Social studies program

The Mahahual local community and stakeholders are crucial actors in fostering responsible and sustainable development, as well as in the conservation of the town’s natural resources. Recognizing their significance, we emphasize the need for their inclusion in various strategies and initiatives envisioned by the MARES Center for the area. The primary initiative in this program involves scrutinizing the community’s environmental awareness and attitudes.

Social Perception of the Environment Project

The Social Perception of the Environment Project aims to provide an insight into the collective understanding of the coastal environment as perceived by local stakeholders. Since its start, our goals have included identifying and illustrating local stakeholders, outlining their perspectives on the coastal environment, and mapping diverse uses of the coastal area. This collective approach enables us to identify socio-environmental issues and collaboratively explore potential solutions. We view this project as a valuable tool for empowering Mahahual’s community to address collective challenges in territorial management.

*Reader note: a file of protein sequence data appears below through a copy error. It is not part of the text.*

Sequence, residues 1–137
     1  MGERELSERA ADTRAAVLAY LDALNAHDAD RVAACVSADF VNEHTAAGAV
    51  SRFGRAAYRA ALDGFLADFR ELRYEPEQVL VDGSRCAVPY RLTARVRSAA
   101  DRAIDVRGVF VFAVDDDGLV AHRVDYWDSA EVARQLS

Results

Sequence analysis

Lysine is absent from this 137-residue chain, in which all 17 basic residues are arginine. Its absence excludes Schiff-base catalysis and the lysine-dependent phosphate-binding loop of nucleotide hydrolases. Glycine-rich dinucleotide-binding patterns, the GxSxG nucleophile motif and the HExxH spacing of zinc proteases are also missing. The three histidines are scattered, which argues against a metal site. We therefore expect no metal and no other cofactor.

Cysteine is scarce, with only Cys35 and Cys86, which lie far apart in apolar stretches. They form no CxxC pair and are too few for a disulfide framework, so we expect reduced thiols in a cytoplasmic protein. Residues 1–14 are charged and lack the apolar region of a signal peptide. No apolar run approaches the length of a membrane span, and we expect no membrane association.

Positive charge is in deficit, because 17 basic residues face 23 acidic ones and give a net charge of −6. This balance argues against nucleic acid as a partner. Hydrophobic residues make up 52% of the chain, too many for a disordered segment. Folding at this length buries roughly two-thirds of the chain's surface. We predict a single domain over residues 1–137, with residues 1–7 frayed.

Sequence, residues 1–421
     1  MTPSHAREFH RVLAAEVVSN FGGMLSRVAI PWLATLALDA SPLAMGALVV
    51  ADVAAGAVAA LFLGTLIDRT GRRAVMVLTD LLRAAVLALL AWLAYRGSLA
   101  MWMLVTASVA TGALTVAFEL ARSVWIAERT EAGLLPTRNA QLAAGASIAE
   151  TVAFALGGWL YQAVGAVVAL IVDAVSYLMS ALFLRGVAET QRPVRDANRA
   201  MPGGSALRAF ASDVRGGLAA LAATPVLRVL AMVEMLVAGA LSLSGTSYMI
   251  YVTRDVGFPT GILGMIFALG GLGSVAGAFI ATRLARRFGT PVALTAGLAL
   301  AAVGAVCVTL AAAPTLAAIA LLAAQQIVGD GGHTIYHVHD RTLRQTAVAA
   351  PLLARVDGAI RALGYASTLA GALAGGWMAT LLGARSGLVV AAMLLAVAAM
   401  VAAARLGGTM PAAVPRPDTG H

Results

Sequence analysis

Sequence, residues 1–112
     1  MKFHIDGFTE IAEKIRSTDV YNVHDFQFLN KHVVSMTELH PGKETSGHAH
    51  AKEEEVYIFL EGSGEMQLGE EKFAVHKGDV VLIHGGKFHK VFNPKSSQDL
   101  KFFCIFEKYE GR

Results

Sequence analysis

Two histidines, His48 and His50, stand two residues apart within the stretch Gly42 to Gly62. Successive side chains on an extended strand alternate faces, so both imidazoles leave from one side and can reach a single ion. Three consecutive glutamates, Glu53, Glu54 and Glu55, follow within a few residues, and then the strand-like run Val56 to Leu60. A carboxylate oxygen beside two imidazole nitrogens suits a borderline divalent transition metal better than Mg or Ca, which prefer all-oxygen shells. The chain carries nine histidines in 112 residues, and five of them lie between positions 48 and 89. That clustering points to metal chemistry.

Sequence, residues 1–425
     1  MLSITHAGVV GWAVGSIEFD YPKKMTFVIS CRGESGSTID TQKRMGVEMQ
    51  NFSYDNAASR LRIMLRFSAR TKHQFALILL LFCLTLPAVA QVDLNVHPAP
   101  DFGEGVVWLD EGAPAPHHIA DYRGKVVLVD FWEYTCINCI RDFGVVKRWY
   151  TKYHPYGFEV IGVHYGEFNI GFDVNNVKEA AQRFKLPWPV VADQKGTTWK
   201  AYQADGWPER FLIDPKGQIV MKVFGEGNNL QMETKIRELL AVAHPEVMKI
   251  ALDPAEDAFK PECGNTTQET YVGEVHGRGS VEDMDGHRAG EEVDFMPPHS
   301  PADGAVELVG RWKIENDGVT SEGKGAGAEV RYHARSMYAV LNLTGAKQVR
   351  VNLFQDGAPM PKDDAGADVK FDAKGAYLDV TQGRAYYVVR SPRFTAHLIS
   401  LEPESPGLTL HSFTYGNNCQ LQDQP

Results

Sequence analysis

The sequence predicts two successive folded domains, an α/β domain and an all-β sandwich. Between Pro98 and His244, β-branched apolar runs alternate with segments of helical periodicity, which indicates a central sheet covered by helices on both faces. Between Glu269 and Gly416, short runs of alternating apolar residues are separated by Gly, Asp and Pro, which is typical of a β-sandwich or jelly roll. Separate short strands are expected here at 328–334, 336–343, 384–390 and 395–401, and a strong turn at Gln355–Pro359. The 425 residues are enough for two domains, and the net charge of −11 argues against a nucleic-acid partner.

Data collection methods for the program encompass individual interviews, collective discussion workshops, participant observation of territorial management activities, and participatory cartography workshops, among others. The gathered data serves to formulate intervention measures and support territorial management initiatives in Mahahual, engaging local, regional, and federal stakeholders.

To date, our research has involved interviews with fishermen, business owners, tertiary workers, cruise ship port employees, the national and international community, and tourists. This comprehensive approach seeks to understand their interrelationships and connections to the environment in Mahahual. Additionally, through the “Portraits of Mahahualeños” project, we have crafted and shared numerous profiles of different community members, presenting their visions and aspirations for Mahahual’s development and conservation.